The Voidz, led by The Strokes’ front-man Julian Casablancas, have gone through a few housekeeping changes since their debut album Tyranny. For starters, they have dropped Casablancas’ name from their moniker, probably for the intention of making it known that they are a true band, rather than just a side project. Additionally, the band has used their second album as an experimental canvas on which to paint with all types of styles. While their debut album came across as abrasive and hard to digest, Virtue brings out the best in this crew and if you can stomach the variety of approaches used on this record, it’s quite a fun and trippy ride.
The album opener, “Leave it in My Dreams,” feels like it could have easily been placed at the forefront of any of the Strokes’ records, as its hard to distinguish what is much different about this stylistic approach found here. “Qyurryus,” the second track, and first video released from the LP is filled with a whirring backing sound, programmed beats, and tribal/auto-tuned vocals from Casablancas. This track is as polarizing as any on the album, and was a curious choice for a lead single for an album filled with so many more beaming moments. For example, the heavy drudge guitars on the opening of “Pyramid of Bones” find the Voidz getting in touch with the heavier side of their Indie Rock flavor, while still taking on the schizophrenic personality of the album. The track even features a heavy metal breakdown and growl in certain key moments of the song. By the time you get through to the end of the track, you’re left with a “what did I just listen to?” expression, yet finding yourself curious enough to carry on.
“Permanent High School” returns the Voidz to their Strokes-esque sound with opening lyrics of “If I told you the truth, it would be a lie” which is a good disclaimer for the rest of the album, because as quickly as you think you have the group figured out, they turn a song on its side. Casablancas continues to croon on the chorus: “Hiding what we want to do/Smart people will learn from fools/Life is like a hurricane/Crosswords on the asteroid game/Depressed and stressed and oppressed/Lies are simple, truth complex.” The vibrant tones and unpredictability of this album is what makes it both a challenging, yet rewarding, listening experience.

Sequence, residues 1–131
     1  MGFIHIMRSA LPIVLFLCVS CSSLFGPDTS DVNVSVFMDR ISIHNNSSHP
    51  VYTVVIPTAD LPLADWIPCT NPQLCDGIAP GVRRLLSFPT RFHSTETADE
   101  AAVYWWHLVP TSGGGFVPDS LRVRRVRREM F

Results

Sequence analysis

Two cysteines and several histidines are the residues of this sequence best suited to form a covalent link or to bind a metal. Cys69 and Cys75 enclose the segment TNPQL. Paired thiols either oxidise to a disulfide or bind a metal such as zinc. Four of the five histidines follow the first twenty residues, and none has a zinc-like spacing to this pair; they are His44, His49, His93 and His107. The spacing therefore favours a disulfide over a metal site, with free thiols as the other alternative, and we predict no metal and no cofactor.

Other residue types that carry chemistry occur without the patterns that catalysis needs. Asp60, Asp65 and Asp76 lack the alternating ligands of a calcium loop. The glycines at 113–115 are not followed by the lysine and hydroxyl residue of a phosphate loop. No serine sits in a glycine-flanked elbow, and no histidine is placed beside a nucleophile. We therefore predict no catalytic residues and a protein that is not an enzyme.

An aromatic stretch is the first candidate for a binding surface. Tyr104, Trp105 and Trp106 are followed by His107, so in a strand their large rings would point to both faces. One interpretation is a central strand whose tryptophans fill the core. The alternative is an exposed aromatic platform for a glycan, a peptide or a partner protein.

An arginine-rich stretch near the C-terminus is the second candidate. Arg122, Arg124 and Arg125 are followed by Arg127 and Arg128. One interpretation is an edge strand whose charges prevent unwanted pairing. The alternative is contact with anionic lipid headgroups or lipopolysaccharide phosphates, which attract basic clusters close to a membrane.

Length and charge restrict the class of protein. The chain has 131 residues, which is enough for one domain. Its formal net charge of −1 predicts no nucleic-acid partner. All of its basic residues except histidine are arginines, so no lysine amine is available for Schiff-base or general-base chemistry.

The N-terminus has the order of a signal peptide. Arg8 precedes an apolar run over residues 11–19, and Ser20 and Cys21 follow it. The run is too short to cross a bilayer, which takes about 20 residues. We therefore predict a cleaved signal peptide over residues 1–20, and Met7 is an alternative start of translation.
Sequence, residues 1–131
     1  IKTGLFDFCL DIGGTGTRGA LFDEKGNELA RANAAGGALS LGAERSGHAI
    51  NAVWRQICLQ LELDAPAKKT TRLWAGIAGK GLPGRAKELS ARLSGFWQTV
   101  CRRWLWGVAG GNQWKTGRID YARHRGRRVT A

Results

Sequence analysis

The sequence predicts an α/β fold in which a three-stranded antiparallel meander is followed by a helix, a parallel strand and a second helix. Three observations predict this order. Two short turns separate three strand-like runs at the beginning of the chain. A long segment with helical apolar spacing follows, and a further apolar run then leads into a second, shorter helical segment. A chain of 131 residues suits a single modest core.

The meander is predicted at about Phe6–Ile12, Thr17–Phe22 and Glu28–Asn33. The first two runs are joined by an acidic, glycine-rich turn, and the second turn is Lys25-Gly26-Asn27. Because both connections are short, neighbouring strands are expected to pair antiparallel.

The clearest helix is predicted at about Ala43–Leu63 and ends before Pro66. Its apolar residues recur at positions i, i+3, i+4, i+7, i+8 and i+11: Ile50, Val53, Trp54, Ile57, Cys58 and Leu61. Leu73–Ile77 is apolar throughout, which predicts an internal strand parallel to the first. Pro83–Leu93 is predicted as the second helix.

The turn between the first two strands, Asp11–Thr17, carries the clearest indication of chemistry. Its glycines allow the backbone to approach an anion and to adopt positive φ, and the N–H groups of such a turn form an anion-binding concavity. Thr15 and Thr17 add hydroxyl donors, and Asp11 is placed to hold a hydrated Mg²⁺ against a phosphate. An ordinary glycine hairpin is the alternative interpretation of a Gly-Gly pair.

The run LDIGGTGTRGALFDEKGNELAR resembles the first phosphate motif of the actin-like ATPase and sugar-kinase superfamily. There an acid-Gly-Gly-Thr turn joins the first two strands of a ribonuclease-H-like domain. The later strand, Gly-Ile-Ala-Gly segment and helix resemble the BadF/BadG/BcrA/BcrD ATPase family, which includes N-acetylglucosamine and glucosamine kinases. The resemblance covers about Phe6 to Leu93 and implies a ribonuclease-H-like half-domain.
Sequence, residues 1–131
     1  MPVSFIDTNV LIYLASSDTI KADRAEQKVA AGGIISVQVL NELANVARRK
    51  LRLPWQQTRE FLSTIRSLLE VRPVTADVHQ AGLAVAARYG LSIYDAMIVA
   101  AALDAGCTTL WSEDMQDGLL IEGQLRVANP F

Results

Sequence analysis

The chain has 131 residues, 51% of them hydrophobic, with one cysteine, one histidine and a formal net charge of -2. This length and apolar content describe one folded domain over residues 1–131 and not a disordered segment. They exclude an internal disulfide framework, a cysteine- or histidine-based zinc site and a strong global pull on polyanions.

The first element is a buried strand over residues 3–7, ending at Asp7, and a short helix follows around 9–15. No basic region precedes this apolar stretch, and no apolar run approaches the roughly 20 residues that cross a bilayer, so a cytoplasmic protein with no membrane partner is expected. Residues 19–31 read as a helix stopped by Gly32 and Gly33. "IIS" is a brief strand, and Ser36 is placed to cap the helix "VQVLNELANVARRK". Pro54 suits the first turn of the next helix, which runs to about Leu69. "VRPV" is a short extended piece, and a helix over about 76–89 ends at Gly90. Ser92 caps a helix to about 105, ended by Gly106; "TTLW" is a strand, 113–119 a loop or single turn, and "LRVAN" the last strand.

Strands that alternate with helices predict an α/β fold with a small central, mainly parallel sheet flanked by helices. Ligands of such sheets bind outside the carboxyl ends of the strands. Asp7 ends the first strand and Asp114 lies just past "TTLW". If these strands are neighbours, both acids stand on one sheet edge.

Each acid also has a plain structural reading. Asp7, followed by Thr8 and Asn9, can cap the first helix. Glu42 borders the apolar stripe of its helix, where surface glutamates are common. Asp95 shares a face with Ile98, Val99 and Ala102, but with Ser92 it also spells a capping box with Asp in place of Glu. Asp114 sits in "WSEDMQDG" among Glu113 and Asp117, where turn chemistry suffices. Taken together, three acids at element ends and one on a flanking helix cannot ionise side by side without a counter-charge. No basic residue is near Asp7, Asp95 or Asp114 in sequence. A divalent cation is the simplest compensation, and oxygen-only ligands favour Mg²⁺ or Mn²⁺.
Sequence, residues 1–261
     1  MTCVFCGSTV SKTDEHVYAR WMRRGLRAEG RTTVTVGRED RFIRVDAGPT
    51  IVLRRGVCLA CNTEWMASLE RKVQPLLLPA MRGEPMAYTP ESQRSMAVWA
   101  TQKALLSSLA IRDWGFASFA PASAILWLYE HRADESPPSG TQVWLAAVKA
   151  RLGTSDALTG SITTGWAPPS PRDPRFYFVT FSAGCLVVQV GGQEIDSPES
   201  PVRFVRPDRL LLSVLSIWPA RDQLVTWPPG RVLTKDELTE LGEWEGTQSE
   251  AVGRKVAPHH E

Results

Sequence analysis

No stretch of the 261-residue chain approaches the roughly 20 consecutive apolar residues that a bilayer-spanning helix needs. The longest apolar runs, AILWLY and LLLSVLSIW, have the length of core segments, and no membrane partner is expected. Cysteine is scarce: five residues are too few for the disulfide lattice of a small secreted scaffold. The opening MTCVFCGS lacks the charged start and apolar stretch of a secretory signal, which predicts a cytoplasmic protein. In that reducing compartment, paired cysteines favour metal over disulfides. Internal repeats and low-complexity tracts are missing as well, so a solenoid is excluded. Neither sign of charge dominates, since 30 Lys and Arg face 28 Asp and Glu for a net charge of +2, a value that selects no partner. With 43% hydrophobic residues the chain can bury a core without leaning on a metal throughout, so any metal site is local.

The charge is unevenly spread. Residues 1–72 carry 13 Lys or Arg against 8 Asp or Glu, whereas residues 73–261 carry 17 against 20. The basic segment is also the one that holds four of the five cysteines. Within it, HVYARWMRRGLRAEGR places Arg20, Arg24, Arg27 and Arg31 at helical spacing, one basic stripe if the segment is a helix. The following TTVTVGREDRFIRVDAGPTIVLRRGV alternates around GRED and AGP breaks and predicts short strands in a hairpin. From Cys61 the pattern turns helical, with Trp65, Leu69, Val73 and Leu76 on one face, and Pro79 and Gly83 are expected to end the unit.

The middle of the album features falsetto-chorus vocals on “One of the ones,” a disco-rocker in “All Wordz are Made Up,” a strange sounding acoustic track “Think Before You Drink” that sounds like it was recorded on a phone, rather than any type of fancy recording equipment. “Wink” again brings the audience back with another reflective set of lyrics of: “I see the writing on the wall/I was playing it too safe/Playing it too safe is dangerous” which leads us to wonder if the first half of the record was playing it safe, what could possibly be in store for the latter half of the LP?
This question is quickly answered with the spacey, “My Friend the Walls,” which leads the listener down twists and turns of unique time signature beats and a memorable chorus worthy of repeat listens. “Pink Ocean” follows this track with a synth-laden atmosphere, Julian’s classic falsetto vocals in the verses, and a simplistic beat that sounds like it could have been ripped right out of the synth-pop of the 80’s.
By this point on the record, you have seen the Voidz experiment with several different sounds and directions while not showing their hand of what is their “true north.” In reality, that is likely what the group had in mind for their “re-branded” second album. The only unfortunate point for the Voidz is they will need to decide exactly which of these colors they are painting with in the future in order to not lose the variety of audiences they may gain from this LP. There truly is something there for all types of music fans in this scattered album, but time will tell whether or not the Voidz are able to construct a cohesive statement on their third album, or if they will continue to lead us further down the rabbit hole.